Mealy Bug Sonnet
all they get, they get by chance
and multiply in ignorance
page white, they grow between bliss
they grow, this peacetime upheaval, grow
outbreak of dandruff in cotton tranches
behold: diamond dew (a mistaken view)
‘til the whole plant is ensnowed
fossil leaves curled like Mother’s hem
Texas sage made fungus, at last transformed
from a thing living to a thing possessed
this is how it blooms, like mushrooms in
the Savannah after Amerindian rain
this is how it moors, to wide open fields,
unexplored hills in the distance, grief
You make art of me,
turn hate into the second poem
of a book you author
deep inside a closet
I authored you.
I looked and saw
a flower that looked and saw
a flower that saw
Mora Trees Walked From Venezuela to Trinidad
(a found poem after JS Beard)
Viewed from the air, the canopy of Mora forest has the same undulating but
continuous character of the waves of the sea.
The bark of the Mora tree is brownish and scaly, about 5—7 mm. thick, hard and
The blaze is pale brown, the sapwood white, the heartwood deep red-brown.
The timber is hard, and though resistant to termites it is susceptible to fungus attack
and therefore not durable when in contact with the ground.
Mora is evergreen. Flush leaves are pinkish brown in colour. Flushing takes place
over the whole tree at once and usually over the whole forest also, at which times
the canopy is a striking sight.
Shrub, field and ground layers in the forest are composed almost exclusively of
young Mora seedlings and saplings, which form a dense, scarcely penetrable growth.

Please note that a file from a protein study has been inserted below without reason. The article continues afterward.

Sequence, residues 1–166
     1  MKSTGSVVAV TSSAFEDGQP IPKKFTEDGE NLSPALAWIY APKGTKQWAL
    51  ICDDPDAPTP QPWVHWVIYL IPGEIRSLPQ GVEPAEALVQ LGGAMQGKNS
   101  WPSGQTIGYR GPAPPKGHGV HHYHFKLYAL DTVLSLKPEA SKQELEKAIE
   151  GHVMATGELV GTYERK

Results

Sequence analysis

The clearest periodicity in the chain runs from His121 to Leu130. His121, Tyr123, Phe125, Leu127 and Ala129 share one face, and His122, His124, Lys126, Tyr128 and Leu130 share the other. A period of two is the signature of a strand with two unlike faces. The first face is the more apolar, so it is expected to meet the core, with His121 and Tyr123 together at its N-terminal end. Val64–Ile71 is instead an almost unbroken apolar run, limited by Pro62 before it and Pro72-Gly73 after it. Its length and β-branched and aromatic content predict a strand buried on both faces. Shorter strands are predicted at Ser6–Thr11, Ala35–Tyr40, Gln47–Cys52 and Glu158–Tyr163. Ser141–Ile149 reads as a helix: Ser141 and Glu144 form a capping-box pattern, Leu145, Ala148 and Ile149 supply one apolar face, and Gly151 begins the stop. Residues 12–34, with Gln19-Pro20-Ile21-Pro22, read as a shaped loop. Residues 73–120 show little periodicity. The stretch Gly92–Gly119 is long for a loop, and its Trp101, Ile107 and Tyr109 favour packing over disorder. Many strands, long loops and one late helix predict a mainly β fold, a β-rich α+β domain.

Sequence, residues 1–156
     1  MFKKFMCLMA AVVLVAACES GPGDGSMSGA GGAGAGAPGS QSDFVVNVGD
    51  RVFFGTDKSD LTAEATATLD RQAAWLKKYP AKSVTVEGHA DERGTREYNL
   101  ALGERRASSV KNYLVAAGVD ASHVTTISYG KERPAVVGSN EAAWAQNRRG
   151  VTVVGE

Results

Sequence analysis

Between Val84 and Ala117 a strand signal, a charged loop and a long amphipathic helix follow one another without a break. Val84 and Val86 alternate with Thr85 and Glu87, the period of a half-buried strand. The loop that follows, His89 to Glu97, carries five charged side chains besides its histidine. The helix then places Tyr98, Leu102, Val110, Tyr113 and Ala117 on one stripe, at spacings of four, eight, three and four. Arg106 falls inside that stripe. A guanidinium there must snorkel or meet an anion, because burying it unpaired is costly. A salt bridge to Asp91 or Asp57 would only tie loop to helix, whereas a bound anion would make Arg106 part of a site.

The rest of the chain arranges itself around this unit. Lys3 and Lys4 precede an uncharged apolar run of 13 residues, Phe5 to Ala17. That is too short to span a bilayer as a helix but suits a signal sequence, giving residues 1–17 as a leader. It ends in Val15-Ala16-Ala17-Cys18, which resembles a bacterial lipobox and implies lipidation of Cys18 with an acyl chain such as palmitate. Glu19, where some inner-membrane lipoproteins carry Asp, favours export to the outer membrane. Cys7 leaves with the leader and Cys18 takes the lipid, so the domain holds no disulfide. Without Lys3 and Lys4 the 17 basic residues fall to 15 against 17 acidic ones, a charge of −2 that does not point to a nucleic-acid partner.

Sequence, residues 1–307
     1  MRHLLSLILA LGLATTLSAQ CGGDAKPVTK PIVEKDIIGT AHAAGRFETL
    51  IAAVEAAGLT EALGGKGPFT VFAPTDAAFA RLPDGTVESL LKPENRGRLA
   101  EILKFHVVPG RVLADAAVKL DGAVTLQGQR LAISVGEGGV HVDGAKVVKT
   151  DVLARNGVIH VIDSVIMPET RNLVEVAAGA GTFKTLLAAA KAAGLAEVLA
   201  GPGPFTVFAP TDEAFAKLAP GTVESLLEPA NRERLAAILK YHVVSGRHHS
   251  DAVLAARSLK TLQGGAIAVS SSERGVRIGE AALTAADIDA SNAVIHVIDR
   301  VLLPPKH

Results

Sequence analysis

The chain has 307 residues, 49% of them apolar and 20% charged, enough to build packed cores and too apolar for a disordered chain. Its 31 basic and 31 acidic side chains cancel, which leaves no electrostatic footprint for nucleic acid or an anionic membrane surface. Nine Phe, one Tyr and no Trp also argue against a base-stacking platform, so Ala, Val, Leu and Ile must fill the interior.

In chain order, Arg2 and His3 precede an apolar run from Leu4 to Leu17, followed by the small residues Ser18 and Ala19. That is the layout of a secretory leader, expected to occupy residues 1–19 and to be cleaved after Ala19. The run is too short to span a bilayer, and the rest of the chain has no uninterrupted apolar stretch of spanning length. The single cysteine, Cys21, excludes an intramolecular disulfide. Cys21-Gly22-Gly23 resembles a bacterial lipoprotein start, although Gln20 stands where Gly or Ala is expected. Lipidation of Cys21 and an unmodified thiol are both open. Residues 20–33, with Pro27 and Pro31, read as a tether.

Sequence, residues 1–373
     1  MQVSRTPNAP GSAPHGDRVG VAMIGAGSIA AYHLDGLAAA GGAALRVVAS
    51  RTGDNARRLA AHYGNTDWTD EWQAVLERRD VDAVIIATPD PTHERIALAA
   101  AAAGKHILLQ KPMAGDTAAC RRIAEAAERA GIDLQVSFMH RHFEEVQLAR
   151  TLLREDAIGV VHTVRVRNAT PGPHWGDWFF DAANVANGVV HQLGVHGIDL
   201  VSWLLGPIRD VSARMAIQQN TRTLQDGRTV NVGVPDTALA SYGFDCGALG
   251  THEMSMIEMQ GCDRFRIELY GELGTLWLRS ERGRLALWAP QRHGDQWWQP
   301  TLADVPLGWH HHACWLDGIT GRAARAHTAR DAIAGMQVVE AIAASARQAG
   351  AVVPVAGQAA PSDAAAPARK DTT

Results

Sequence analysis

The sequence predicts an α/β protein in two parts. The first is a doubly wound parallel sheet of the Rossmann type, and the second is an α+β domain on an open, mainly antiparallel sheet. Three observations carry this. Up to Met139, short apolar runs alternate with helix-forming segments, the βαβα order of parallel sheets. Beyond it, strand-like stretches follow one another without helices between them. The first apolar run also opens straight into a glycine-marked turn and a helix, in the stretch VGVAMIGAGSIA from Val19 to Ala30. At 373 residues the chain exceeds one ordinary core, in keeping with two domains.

Mora forest as a whole seeds abundantly every year, though individual seeds may
not do so.
The seed, which falls during the second part of the wet season
(November—December) is a heavy bean about 7—10 cm. in length and weighing
nearly 0.5 kg.
It naturally falls only beneath the parent tree, but the seedling produced is vigorous
and able to stand heavy shade, so that the forest floor is densely carpeted with Mora
Mora seems to have reached Trinidad just as earth movements made it an island.
Mora then became cut off from its original home in Guiana, but as forest conditions
were returning in Trinidad it was able to establish itself there successfully.
During Pleistocene times the area that is now Trinidad was a part of continental
South America and consisted for the most part of a vast, level plain, which was co-
extensive with the great llanos of the Orinoco.
The aboriginal Indians in British Guiana are known to use Mora seeds as a food.
It seems quite reasonable that wandering hunting parties of these aborigines may
have carried supplies of Mora seeds on occasion about the Trinidad forests and have
abandoned them at campsites, where they germinated and initiated a new block of
It is just possible that Indians may have carried the seeds to Paria beach. Otherwise
no rational explanation seems possible. This point is the northernmost in the
distribution of Mora.
It must be a matter of difficulty for any seedling other than a Mora to come up
through the dense mass of Mora saplings. The species thus establishes initially a
thick ground carpet of its own seedlings which maintain an almost exclusive right to
succession in the forest. Once such a carpet has been laid down it is only a question
of waiting for the older trees to die before a gregarious Mora forest comes into
Trinidadian poet Andre Bagoo is the author of four books: Trick Vessels, BURN, Pitch Lake and The City of Dreadful Night. His work has appeared in journals such as Boston Review, Cincinnati Review, St Petersburg Review, POETRY, and The Poetry Review. His essay collection on poetry and culture, The Undiscovered Country, is forthcoming from Peepal Tree Press.